“There is no such thing as an Android tablet application,” Rutledge said, referring to the fact that Android lets people run any app on any Android device now. At last year’s Google I/O, the company gave out its first Android-running tablets for developers to use and learn on.

At that time, “Most developers had not seen the Android tablet before, and we released the SDK for the larger screen size at the same time,” Rutledge said. “We’ve seen a lot of pickup with larger screen sizes in the last six to 12 months.”

The myth of the stingy Android user

And as a result, he said, the overall quality of Android apps has seen a marked increase since last year. “We’ve tried to study what’s working well and short-circuit that path to building the right way and making what conumers want.”

Chris Yerga, Google’s engineering director for Google Play, seconded this emotion. He added that the Android Market’s drastic rebrand as Google Play helped cast Android apps in a new light.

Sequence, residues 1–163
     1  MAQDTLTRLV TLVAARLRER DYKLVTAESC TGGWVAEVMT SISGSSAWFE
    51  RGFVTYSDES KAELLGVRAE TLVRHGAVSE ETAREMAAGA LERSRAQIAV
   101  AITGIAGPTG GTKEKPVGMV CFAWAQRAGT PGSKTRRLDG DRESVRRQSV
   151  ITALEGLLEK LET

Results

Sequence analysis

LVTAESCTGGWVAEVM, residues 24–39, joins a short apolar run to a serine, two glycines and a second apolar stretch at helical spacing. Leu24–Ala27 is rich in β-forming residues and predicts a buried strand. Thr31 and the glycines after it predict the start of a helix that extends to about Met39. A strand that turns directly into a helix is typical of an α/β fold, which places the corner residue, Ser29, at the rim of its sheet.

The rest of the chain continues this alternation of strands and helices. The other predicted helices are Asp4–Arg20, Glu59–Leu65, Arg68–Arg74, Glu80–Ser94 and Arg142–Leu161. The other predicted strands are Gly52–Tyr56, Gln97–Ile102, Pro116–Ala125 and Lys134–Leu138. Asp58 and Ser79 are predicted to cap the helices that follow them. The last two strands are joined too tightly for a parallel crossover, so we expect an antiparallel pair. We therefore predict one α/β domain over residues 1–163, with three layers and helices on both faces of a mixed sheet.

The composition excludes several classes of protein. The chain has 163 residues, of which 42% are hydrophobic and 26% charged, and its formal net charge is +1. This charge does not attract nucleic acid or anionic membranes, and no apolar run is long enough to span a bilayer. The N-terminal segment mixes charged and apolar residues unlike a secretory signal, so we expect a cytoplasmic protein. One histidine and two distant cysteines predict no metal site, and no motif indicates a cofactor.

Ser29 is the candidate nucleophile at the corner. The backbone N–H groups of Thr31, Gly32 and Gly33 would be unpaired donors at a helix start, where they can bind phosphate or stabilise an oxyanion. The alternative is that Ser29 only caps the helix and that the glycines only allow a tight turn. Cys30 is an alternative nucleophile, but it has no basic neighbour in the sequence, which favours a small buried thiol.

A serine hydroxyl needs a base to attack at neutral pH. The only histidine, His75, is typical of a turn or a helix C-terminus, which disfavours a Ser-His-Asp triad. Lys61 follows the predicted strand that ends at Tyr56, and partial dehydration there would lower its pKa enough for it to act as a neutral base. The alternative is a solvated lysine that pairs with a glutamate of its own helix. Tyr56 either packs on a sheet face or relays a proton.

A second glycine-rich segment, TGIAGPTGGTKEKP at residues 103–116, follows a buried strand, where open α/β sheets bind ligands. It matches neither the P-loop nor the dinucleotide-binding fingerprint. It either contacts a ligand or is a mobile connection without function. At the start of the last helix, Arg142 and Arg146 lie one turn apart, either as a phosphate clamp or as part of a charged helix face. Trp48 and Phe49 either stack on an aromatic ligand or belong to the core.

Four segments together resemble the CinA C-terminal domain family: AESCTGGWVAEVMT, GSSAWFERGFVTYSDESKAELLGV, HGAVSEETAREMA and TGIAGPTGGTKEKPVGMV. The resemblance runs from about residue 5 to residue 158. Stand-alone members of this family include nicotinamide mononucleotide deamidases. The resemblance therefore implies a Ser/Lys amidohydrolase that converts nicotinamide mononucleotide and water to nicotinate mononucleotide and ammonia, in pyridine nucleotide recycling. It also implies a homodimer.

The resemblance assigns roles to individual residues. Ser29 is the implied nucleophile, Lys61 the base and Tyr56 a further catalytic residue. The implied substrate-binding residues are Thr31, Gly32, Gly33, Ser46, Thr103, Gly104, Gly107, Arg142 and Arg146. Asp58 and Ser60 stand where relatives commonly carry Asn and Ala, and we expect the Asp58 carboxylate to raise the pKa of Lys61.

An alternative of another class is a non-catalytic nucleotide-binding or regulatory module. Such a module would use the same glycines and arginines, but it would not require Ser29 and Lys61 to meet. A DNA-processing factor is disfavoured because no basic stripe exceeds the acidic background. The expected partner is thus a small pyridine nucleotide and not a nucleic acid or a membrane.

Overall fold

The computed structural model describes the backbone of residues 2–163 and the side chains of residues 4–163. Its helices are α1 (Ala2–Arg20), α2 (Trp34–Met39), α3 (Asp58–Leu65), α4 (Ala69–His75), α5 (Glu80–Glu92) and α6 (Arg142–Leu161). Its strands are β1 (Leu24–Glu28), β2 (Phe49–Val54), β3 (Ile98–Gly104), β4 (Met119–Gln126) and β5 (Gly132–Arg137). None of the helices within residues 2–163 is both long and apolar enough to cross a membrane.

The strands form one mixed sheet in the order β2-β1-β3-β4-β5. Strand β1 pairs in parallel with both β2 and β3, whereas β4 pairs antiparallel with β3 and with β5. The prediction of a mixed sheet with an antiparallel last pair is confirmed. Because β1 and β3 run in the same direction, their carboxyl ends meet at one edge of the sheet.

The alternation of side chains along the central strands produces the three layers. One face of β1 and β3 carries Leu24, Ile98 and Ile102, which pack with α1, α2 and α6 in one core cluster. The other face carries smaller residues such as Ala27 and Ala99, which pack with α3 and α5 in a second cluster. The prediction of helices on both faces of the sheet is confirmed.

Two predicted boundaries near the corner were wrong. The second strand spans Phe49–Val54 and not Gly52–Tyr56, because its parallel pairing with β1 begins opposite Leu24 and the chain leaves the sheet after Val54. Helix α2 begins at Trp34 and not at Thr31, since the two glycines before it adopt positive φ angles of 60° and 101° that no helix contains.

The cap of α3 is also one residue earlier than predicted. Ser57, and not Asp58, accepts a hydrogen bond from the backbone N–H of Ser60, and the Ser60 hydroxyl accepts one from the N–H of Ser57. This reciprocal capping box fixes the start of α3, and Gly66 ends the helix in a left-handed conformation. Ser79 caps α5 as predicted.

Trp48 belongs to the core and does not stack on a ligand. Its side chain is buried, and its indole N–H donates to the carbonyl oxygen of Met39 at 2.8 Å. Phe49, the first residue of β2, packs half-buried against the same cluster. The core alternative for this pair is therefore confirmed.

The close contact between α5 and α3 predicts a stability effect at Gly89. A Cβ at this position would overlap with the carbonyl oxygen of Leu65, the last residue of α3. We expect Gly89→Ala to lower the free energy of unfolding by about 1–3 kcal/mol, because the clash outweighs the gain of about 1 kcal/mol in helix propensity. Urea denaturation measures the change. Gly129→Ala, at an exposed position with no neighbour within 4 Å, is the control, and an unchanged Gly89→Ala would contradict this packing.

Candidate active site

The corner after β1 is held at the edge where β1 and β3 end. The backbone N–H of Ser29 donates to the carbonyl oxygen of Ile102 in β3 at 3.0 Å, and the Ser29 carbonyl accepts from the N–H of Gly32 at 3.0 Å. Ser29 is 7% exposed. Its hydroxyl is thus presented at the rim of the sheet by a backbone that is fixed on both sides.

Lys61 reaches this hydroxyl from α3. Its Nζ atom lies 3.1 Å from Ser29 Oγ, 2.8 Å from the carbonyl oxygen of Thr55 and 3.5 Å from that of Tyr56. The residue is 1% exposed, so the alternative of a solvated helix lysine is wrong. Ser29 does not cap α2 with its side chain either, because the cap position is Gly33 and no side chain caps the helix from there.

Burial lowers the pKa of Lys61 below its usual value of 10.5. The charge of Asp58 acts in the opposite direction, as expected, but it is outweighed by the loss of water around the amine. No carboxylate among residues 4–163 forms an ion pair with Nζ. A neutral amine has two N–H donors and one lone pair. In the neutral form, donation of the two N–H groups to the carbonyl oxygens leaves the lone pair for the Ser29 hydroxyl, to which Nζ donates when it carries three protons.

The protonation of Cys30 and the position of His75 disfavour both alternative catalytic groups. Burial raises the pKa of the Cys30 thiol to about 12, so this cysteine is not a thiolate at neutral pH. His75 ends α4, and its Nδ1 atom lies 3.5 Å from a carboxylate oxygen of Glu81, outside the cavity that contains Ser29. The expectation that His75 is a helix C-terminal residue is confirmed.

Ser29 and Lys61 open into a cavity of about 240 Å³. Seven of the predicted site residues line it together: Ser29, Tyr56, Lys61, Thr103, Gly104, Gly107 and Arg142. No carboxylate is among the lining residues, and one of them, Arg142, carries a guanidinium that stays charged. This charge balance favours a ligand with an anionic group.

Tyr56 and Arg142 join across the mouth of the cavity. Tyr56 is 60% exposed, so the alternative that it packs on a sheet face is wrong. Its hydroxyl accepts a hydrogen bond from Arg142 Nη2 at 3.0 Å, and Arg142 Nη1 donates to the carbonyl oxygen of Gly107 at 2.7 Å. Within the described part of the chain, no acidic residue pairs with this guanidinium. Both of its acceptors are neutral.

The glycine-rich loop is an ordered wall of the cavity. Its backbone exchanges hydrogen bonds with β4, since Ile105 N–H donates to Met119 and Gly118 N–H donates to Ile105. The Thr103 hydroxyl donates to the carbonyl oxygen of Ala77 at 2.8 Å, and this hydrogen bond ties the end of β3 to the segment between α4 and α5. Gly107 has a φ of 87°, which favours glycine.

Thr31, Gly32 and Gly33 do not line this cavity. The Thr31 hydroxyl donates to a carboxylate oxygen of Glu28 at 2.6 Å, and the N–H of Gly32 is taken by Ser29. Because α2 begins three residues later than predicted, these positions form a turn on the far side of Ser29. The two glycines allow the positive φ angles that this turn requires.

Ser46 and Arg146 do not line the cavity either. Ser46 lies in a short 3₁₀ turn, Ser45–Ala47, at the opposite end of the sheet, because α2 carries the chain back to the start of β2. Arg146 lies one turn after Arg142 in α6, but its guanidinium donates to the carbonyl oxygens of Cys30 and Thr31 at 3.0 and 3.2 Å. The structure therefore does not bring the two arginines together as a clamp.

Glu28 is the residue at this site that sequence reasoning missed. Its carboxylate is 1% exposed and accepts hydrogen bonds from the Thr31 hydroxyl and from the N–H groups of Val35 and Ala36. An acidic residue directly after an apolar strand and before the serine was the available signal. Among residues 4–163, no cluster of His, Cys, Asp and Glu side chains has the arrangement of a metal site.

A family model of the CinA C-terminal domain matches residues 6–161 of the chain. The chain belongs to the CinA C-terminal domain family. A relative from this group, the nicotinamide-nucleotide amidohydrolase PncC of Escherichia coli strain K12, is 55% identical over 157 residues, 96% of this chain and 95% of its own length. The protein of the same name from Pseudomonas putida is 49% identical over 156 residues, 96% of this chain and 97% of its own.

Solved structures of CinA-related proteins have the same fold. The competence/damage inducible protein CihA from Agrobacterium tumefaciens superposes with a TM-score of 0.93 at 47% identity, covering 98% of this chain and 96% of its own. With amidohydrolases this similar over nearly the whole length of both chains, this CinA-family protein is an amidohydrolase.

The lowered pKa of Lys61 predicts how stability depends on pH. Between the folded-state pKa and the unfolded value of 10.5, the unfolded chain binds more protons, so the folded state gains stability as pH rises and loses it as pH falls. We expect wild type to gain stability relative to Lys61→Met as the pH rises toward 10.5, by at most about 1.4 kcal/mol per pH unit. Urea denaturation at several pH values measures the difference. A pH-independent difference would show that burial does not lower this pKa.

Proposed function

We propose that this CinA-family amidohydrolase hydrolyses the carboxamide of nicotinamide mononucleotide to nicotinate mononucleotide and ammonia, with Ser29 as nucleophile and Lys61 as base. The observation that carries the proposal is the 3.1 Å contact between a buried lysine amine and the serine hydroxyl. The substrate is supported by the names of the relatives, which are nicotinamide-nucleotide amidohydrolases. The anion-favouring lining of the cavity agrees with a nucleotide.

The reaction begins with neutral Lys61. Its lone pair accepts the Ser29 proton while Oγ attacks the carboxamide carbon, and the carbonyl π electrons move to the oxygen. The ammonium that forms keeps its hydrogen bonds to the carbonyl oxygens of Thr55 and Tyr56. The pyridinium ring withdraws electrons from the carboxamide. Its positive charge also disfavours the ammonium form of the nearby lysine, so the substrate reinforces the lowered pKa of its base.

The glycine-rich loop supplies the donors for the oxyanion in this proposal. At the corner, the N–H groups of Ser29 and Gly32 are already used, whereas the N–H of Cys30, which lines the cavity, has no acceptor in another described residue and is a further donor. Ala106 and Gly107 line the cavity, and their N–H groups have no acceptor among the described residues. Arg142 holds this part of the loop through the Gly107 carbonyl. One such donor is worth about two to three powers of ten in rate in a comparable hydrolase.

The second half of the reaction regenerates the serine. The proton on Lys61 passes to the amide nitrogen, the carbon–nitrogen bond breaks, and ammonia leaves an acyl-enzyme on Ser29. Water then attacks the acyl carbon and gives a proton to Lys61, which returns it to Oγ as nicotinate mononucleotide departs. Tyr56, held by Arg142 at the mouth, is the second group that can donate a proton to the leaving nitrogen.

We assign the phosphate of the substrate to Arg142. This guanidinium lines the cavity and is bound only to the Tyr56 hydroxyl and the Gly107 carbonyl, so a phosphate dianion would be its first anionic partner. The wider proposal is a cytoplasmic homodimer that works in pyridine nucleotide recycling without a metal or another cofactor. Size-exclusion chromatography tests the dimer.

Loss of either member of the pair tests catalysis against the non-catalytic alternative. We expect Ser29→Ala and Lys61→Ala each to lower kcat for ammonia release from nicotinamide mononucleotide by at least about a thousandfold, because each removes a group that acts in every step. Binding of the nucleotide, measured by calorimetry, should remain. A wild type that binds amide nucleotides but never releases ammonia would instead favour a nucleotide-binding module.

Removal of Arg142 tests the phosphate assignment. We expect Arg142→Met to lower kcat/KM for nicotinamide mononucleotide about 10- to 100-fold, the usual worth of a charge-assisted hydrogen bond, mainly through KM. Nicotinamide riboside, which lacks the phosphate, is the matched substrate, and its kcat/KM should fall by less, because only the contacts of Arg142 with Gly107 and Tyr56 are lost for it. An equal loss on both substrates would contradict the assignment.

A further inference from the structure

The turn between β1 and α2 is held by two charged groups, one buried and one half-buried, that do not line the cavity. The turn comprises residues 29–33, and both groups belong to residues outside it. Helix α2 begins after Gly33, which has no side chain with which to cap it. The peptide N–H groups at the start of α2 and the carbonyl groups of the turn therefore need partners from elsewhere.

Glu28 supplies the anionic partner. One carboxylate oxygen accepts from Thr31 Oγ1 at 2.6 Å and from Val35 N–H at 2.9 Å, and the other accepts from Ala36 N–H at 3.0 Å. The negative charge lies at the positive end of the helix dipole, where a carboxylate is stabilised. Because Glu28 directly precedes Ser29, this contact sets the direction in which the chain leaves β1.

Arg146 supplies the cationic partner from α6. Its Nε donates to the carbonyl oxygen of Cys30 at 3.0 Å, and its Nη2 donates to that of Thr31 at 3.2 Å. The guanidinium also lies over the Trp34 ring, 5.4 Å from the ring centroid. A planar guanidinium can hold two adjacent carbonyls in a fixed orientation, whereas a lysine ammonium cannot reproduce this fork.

“We’ve heard that Android apps are performing as well as or better than apps on iOS,” Yerga began, countering the oft-repeated assertion that Android users don’t pay to play when it comes to buying digital products like mobile applications.

With the Play rebrand, he said, “We wanted to convey fun, the notion that there’s a lot to entertain here. And we wanted to convey that this is a destination for premium content.” In other words, a more expensive-looking storefront would, Google wagered, make consumers more comfortable with putting their money into Android platform apps.

Still, Yerga said, that’s a separate issue from app quality itself. “I’m not gonna take any credit for how much better the apps and games have gotten over the past year,” he said. “That’s all developers. The games and apps have gotten so much better.”

Bringing Play home

The next logical step was to integrate Google Play more tightly with the slick, tablet-ready Android operating system.

Before Play, Google Music, Google Books, the Android Market, and a few other separate products made up a widely distributed (and not in a good way) Google media store. Play tied together all those properties under a single banner, like a high-end shopping mall with a cornucopia of stores.

“The brand launch for Play brought that all together, and now Jelly Bean brings it into Android,” Yerga explained.